Lack of Safety Margin Makes Walgreen a Poor Investment Right Now

| About: Walgreens Boots (WBA)

Walgreen (WAG) is one of the US largest retail pharmacies, with about 7,500 stores. Prescription drugs represent about 65% of sales, with the rest coming form nonprescription drugs and convenience items. I added Walgreens to my idea pipeline as it recently announced good results and was in the portfolio of a couple value investors I follow. The stock currently trades at $33-34.

Please refer to the Quick review explained post if you have questions on what I look for in this analysis. Click on this annotated Surfmark if you want to see the source data for this Quick Review.

1. Business Performance Risk (=) and intrinsic returns (=/-)



FCF / Sales

LTM: 3.8%, ahead of historical performance which has historically been between 1% and 2%


LTM: 14.0%, lower than the average over the past 5 years of 17.7% and lower than any year over the last 10 years


LTM: 7.9%, lower than the average over the last 5 years of 10.4% and lower than performance over the last 10 years

Revenue Growth

Annual revenue growth has been declining but is still strong with a 3 year average of ~10%. More recently growth has been in the 6% - 7% range

Cash distribution to shareholders

WAG pays a 1.7% dividend on a payout of about 25% of earnings.

Over the last 5 years, WAG has bought back about 3% of its shares

WAG appears to have an ok business, with a low FCF generation (usually between 1% and 2% of sales) driven in large part by its constant purchase of properties. Returns are both currently under my personal thresholds, but given the industry this could be acceptable. However the trend has definitely been down in the last few quarters, which worries me a bit. Similarly, while revenue growth has been strong it has clearly declined recently.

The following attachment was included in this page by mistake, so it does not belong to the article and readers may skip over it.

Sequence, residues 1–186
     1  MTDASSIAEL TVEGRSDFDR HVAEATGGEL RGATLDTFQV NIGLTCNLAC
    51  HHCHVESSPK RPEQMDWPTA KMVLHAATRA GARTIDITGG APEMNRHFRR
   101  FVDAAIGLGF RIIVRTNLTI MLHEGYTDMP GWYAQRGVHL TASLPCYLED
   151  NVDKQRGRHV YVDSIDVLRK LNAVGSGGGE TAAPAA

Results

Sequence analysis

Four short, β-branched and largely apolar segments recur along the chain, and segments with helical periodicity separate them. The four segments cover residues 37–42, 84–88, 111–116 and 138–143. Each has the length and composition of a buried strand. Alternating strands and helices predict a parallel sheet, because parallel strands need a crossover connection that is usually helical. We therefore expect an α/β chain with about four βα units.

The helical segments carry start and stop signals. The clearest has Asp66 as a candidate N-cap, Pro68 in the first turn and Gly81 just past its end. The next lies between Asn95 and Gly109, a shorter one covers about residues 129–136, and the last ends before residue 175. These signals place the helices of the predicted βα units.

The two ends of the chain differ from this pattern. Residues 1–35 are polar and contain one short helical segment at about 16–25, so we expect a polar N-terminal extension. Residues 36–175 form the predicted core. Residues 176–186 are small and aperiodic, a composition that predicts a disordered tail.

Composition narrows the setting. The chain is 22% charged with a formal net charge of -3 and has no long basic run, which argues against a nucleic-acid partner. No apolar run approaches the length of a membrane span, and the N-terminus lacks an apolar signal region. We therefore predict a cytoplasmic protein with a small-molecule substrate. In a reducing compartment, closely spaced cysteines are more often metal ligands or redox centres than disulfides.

In terms of intrinsic returns, we could have something like:

  • Dividend: 1.7% yield on a payout ratio of 25%
  • Growth of 7% on a ROE of 14%, using up 50% of earnings
  • Buybacks using the 25% of earnings left, which using the current earnings yield of 6.1% leads to a potential buyback of 1.5% every year

Total potential returns: 10%, barely making my personal bar

2. Balance Sheet Risk (+)



LT Debt / Equity

0.16x: very little debt

Current Ratio

1.7x, in line with historical performance and not overly aggressive for a retailer

Strong Balance sheet with very little credit or liquidity risks

3. Valuation Risk (+)



Cash Return



P/E of 16.3x, ahead of the S&P but lower than the average over the last 5 years (20.4x)

While WAG seems to have a somewhat high P/E valuation (compared to market average), its cash return at 7.4% appears to be reasonable. However these types of metrics for a company that I don’t expect to grow at more than 7-8% will probably not leave enough margin of safety to invest with confidence.


Walgreens has an ok business which is using up a lot of its own cash to generate a growth that has been slowing in recent quarters. In addition, while returns are ok, they are not great. Given the current valuation I don’t think Mr. Market would leave an investor with enough margin of safety to invest. I will for now not perform a stock analysis, but would be willing to reconsider my position if the stock was to decline ~20%, bringing P/E below 15 and dividends over a 2% yield.

Disclosure: No position